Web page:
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Day 6

This version was saved 14 years ago View current version     Page history
Saved by Steven Marx
on June 4, 2008 at 2:52:26 pm
 

May 26

 

The morning remained rainy and foggy, the prospect of more pie and pool playing and of getting a tour of Doreen’s husband Gary’s museum made most of us want to lay over for a day, but Behr was eager to return to Vancouver and return to tending his mother.  After much discussion a vote was taken and Behr decided to head back on his own, upsetting Murray. 

 

The remaining crew of five agreed to rent one of Doreen’s cabins, a log house fitted out with beds, kitchen, bathroom, and red curtains, none of which was unappealing after our time in the woods. Steven and Murray dove into the cold lake.  Doreen joined us for Murray’s morning Pome reading. 

 

Gary reminisced about his history as a lineman and union official during the bitter conflicts with BC Hydro in the ‘50’s and then led us through his extensive museum of local antiquities, including his locked collection of electric line insulators, one of which he had sold for $11,000.   Among thousands of intriguing items was a portent of the future: an electric lamp whose current flowed through a meter informing the user of real time energy cost.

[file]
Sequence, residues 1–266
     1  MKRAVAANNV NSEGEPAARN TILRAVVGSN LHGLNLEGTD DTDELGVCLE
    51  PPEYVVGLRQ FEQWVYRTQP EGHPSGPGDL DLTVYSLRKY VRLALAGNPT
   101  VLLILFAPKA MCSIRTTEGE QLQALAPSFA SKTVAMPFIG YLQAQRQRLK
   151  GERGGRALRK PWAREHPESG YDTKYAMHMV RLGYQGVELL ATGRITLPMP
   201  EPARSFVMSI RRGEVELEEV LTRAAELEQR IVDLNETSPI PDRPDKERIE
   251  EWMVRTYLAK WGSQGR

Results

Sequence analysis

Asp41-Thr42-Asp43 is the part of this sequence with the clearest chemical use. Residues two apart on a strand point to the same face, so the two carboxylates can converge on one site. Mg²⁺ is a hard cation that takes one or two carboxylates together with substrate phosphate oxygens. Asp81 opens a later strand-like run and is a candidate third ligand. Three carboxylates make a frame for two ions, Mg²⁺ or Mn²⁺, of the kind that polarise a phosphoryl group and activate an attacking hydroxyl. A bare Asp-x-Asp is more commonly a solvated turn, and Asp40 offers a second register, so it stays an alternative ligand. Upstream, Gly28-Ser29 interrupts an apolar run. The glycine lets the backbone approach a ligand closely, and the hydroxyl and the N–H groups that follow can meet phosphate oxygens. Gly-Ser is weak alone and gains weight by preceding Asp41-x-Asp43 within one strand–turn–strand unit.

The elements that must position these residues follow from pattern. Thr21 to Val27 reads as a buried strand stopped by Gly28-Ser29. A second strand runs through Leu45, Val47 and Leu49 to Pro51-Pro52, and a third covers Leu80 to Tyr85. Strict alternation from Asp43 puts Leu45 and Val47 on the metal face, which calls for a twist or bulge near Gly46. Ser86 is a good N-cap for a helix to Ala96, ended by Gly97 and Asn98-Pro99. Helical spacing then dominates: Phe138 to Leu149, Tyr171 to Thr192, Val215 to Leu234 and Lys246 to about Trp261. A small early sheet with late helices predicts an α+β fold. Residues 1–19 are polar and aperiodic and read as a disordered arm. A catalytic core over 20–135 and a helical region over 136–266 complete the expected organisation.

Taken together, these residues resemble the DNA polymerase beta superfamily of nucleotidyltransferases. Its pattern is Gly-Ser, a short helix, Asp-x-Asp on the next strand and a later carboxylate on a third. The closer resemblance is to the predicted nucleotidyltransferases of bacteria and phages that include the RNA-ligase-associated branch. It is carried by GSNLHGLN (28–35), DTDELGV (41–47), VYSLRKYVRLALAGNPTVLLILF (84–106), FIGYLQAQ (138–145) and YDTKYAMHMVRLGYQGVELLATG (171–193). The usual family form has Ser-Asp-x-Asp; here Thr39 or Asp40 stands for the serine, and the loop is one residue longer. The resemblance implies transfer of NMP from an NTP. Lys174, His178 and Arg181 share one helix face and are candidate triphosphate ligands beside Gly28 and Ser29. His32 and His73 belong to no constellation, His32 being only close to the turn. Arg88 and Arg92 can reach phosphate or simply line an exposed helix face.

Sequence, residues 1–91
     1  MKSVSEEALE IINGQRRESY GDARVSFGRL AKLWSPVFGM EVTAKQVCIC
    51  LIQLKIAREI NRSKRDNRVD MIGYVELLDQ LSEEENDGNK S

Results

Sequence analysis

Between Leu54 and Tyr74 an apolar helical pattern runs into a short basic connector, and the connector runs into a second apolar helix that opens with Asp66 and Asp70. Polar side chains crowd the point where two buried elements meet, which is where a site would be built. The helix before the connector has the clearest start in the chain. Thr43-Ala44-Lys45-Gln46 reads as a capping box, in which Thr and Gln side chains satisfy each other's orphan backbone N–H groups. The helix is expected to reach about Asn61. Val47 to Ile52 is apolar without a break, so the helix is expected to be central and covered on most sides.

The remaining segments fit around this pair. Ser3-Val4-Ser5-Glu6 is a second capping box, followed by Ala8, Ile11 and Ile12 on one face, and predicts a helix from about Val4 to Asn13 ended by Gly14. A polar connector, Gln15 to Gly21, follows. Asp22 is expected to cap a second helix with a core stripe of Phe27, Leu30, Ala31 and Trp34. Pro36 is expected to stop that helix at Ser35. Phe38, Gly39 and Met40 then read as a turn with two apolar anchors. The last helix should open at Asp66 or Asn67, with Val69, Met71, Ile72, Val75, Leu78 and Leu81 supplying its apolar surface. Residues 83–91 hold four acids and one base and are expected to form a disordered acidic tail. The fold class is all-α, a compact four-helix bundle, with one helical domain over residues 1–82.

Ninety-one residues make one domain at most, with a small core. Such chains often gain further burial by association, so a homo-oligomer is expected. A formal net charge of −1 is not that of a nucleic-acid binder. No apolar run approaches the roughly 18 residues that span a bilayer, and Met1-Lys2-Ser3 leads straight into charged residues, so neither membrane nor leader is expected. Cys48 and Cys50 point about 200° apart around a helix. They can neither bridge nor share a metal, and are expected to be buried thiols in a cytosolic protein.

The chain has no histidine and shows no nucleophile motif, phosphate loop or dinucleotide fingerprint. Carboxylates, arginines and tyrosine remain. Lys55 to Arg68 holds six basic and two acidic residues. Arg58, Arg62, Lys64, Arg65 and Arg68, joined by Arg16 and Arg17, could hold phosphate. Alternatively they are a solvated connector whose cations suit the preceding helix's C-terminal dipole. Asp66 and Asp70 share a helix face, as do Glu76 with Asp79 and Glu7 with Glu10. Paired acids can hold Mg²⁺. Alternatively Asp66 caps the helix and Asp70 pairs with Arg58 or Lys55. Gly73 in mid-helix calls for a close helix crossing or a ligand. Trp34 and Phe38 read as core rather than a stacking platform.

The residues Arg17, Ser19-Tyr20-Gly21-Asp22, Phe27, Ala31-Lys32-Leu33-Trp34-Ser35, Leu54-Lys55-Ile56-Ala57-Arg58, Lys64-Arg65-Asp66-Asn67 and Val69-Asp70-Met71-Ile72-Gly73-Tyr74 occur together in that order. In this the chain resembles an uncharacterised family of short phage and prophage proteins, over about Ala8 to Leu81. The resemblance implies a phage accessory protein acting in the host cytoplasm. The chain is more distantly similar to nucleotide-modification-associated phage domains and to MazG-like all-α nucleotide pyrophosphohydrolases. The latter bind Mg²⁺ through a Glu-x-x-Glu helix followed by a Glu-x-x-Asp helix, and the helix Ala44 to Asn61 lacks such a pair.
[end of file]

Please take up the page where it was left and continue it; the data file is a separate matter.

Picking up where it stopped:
Despite living in Lund for nine years, Steven had never played pool, so the rest of the band, along with two lodge employees from Germany made it their mission to instruct him.  So successful were their efforts that he was condemned to winning game after game, required by the rules to face all challengers.

 

Late in the afternoon, a new group of cyclists came in out of the rain: eight young nurses.  Upon first appearance Lionel surmised they were of the “other persuasion,” but was soon disabused by their good looks and suggestive comments toward us boys, partially perhaps prompted by the quick consumption of several beers.  As we exchanged tales of conquering obstacles on the trail, the door opened again, and there appeared Robert smiling and healthy, and along with him the not long departed Peter.  Both were eagerly welcomed, along with the eighteen pack of Kokanee they carried.  Somehow they had made contact in Naramata, many miles down the trail, and agreed to travel together the next day to Vancouver in Peter’s car, leaving Robert’s vehicle to take the rest of us home from Princeton.  This miraculous reunion distracted from socializing with the nurses.  The rest of the evening was spent in our cabin, cooking vegetables and rice, Peter’s reading from a book about aging gracefully, and a somewhat dispirited game of cards.

 

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